Negotiated by Senate Banking Chairman Mike Crapo (R-ID), RM Sherrod Brown (D-OH); House Financial Services Chairwoman Waters (D-CA), RM Member Patrick McHenry (R-NC); and the original lead, Rep. Carolyn Maloney (D-NY).
The House passed its version of this reform — the Corporate Transparency Act (CTA) — in late 2019 in a vote of 249 to 173. The Trump Administration sent a notice of support the same day as the vote.
Building on the work of their colleagues — a bill initially led by Sens. Mark Warner (D-VA) and Tom Cotton (R-AR) with evenly bipartisan cosponsors — Banking Chairman Crapo (R-ID) and RM Brown (D-OH) negotiated for several months, made additional edits and business-friendly changes, and filed the Anti-Money Laundering Act as an amendment to the FY21 National Defense Authorization Act (NDAA). The bill has the support of both President Trump and President-Elect Biden.
Due to procedural issues, the AML Act was not ultimately included in the Senate defense bill, but the CTA was added to the House defense bill. After four months of negotiation to harmonize the language and add the bill to the final NDAA conference report, the Corporate Transparency Act will be voted on and sent to the President’s desk in December 2020.
Anonymous companies are the vehicle of choice for the criminal and the corrupt to launder illicit funds with impunity. Drug cartels, human trafficking rings, purveyors of counterfeit and pirated goods, rogue nations evading sanctions, corrupt officials stealing from state coffers, and others use anonymous corporate structures to move and hide illicit wealth.
WHAT DOES DO IT ?
The Corporate Transparency Act takes the simple, yet effective step to require corporations and limited liability companies (LLCs) to disclose to law enforcement and others with legally mandated anti-money laundering responsibilities (e.g. financial institutions) information on who is the real, natural person (a.k.a. beneficial owner) who owns and controls an entity at the point of formation and update such information upon any change.
WHO SUPPORTS IT?
The U.S. Chamber of Commerce, national security experts, police, sheriffs, local prosecutors, state Attorneys General, federal prosecutors, human rights advocates, anti-human trafficking groups, faith-based networks, international development NGOs, several CEOs and businesses, banks, credit unions, real estate professionals, insurance companies, over 125 non-governmental organizations, and scholars at both conservative and liberal think tanks, among others.
What Information Is Required?
Just four pieces of readily available information — a name, address, date of birth, and driver’s license or other identification number. No financial information or details about business purpose or operation is required.
Where Is the Information Stored, and Who Has Access to It?
Information would be reported to the U.S. Treasury’s Financial Crimes Enforcement Network (FinCEN). FinCEN is our nation’s financial intelligence unit with the responsibility of housing and reviewing data to protect our financial system from abuse by terrorist networks and other criminals who seek access to our markets and our economy.
Federal, state, local and tribal law enforcement would have access to the information for use in authorized investigations as would financial institutions (with customer consent) that have legally mandated anti-money laundering obligations.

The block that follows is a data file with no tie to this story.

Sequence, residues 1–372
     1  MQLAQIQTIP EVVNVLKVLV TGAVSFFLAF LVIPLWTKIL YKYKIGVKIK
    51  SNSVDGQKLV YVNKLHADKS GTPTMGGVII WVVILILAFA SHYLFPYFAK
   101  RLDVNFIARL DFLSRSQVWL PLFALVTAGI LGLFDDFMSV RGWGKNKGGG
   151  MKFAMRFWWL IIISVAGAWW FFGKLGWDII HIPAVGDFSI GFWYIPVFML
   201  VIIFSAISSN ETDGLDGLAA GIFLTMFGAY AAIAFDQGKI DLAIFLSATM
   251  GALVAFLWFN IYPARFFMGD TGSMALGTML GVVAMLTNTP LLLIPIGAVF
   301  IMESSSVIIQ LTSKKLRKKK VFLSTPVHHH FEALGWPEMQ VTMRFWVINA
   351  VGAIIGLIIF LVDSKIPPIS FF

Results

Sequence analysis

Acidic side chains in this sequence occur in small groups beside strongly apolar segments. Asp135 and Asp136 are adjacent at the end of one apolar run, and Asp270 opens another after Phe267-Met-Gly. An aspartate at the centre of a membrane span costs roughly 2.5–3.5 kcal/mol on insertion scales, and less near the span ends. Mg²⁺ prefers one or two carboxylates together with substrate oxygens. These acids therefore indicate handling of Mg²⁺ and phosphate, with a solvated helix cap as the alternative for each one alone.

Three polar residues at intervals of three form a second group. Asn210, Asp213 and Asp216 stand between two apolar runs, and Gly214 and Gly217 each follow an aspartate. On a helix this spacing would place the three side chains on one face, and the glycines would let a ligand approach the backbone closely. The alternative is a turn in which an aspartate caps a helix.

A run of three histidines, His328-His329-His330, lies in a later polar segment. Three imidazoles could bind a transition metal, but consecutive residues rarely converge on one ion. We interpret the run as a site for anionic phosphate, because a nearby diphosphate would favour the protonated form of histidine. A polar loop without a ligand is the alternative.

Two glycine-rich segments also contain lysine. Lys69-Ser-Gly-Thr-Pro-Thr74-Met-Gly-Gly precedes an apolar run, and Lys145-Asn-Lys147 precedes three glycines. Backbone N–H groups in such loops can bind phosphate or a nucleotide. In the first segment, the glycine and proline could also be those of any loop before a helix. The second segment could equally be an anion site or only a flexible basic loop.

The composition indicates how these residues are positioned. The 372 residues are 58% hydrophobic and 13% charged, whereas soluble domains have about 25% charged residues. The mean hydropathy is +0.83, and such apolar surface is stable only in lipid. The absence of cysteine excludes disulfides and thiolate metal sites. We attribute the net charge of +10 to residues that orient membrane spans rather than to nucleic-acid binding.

What About Reporting Changes in Ownership?
The Corporate Transparency Act requires updated reporting if and only when there is a change in ownership.
Are All Companies Required to File?
There are exemptions for certain entities that file redundant reports with other agencies (e.g. publicly traded firms file relevant information with the SEC), or that are lower risk (e.g. larger private companies with real operations in the U.S.).
What Are the Penalties for Violating the Law?
There are civil and criminal penalties, including fines of up to $10,000 and up to two years in prison for willful violations. Negligence (e.g. honest paperwork violations) is not punishable under the bill.
Is It Workable?
Yes. The U.S. Department of Defense and the Department of the Treasury both have programs in which they are collecting beneficial ownership information for certain higher risk real estate transactions without incident.
The U.K. has a beneficial ownership directory. Analysis has shown that compliance has cost businesses an average of just £2 (~$2.50) a year. Another study found that the average number of owners per business in the U.K. is 1.13. Per the U.S. Small Business Administration, approximately 78 percent of all businesses in the U.S. are non-employer firms, meaning there is only one person in the enterprise. This suggests that the U.S. experience would track that of the U.K.
Will It Make a Difference?
The early evidence, where transparency is in place, suggests it will have a significant impact.
An early analysis of FinCEN’s efforts to collect ownership information in certain real estate transactions found that, “…about 30 percent of reported transactions involve a beneficial owner or purchaser representative that was also the subject of a previous suspicious activity report.”
A NY Federal Reserve study of FinCEN’s program found, “After anonymity is no longer freely available to domestic and foreign investors, all-cash purchases by corporations fall by approximately 70 percent, indicating the share of anonymity-seeking investors using LLCs as ‘shell corporations.’”
An analysis of the U.K. directory found robust law enforcement use of the information.
p/o Virginie Gastine Menou
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